U.S. Falling Behind on Health Outcomes, Shows Study


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Though it hosts the best medical research in the world and spends more money on healthcare than any other country, a new study shows that the U.S. is falling behind other countries when it comes to actual health outcomes.

The study shows that traffic injuries, self-harm, cirrhosis, and drug addiction are rising as causes of premature death, along with Alzheimer's, Parkinson's, and kidney cancer. Years of life lost due to drug addiction are rising particularly fast, up 448% from 1990 to 2010.

“The United States has spent a good amount of time and money on finding successful solutions for cardiovascular diseases and even some cancers, but like a lot of countries, it has yet to make that same kind of effort with these leading causes of disability,” said Dr. Alan Lopez, co-author of the study and chair of Global Health and Burden of Disease Measurement at the University of Melbourne in Australia. “That’s a real problem with a population as large as the US has, and there are few good options for dealing with a massive amount of health loss.”

Though the U.S. has lowered disease burden rates for all childhood diseases and lowered mortality rates for all people since 1990, it is not improving at the same rate as other industrialized countries. Of the study's 34 peer countries, the U.S.' death rate ranking has fallen from 18th to 27th in the past two decades, and its life expectancy at birth ranking has fallen from 20th to 27th. It's healthy life expectancy ranking has fallen from 14th to 26th.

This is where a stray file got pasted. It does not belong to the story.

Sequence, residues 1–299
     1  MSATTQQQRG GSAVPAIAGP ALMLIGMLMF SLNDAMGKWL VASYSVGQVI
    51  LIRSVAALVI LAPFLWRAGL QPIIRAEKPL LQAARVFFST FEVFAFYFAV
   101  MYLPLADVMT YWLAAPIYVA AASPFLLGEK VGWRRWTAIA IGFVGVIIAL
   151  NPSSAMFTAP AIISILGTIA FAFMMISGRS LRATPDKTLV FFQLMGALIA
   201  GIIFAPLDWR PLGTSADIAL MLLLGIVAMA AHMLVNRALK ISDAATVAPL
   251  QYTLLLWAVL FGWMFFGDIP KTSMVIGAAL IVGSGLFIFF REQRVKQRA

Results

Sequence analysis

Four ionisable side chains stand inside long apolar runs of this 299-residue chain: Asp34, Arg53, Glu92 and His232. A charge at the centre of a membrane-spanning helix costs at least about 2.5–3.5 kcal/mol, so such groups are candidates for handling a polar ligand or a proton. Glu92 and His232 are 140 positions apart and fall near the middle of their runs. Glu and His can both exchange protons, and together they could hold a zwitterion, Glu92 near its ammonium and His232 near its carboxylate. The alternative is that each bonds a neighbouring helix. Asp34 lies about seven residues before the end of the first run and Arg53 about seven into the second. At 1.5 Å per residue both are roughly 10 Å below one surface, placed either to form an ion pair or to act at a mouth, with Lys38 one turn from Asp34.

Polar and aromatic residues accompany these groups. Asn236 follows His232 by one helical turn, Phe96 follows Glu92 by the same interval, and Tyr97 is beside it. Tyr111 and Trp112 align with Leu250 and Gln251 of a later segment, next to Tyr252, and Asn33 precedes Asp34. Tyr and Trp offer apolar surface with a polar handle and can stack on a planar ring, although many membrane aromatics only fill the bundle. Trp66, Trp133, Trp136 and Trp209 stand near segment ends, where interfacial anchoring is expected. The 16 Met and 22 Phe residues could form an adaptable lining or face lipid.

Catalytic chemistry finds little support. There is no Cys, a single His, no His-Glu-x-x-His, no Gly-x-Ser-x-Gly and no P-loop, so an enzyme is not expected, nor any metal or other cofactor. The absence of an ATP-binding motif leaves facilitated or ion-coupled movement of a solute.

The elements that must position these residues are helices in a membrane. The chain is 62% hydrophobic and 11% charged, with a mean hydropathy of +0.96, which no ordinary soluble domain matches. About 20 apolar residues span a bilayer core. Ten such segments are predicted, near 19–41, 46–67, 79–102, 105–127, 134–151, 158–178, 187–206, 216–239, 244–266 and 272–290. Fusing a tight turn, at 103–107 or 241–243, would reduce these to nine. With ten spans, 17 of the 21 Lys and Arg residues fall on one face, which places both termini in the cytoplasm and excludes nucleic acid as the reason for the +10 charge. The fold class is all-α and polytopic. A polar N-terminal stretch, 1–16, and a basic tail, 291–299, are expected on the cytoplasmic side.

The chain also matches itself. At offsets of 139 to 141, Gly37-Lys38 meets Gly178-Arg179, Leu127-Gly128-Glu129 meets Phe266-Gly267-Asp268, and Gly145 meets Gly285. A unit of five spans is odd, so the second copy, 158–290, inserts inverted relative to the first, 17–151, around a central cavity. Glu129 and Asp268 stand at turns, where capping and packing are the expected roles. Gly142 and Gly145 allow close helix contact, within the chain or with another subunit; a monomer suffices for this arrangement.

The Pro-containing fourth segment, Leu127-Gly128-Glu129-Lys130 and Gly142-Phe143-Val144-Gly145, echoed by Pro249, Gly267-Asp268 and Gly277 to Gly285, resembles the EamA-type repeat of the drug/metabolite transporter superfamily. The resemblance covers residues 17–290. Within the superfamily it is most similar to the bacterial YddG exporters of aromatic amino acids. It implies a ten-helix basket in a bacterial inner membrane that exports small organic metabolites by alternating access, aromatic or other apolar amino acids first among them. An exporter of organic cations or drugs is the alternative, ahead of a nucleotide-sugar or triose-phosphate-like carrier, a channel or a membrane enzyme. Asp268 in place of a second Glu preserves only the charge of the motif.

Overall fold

The top five risk factors in 2010 for U.S. deaths were all attributable to personal health factors: dietary risks, smoking, high blood pressure, high body mass index, and physical inactivity. The study's authors believe that poor diet choices and little physical activity are the factors holding Americans back from better health outcomes.

“If the US can make progress with dietary risk factors, physical activity, and obesity, it will see massive reductions in death and disability,” said Dr. Ali Mokdad, head of the U.S. County Health Performance team for Institute for Health Metrics and Evaluation. “Unhealthy diets and a lack of physical activity in the US cause more health loss than smoking, alcohol, or drug use.”

The study, called "The State of US Health, 1990-2010: Burden of Diseases, Injuries, and Risk Factors," is the first comprehensive analysis of U.S. disease burden in over 15 years. It was published this week in the Journal of the American Medical Association. The study covers death and disability estimates for 291 diseases and injuries, and 67 risk factors. Its findings were presented today at a Lets's Move campaign event hosted by U.S. First Lady Michelle Obama.

(Image courtesy capl@washjeff.edu under Creative Commons License)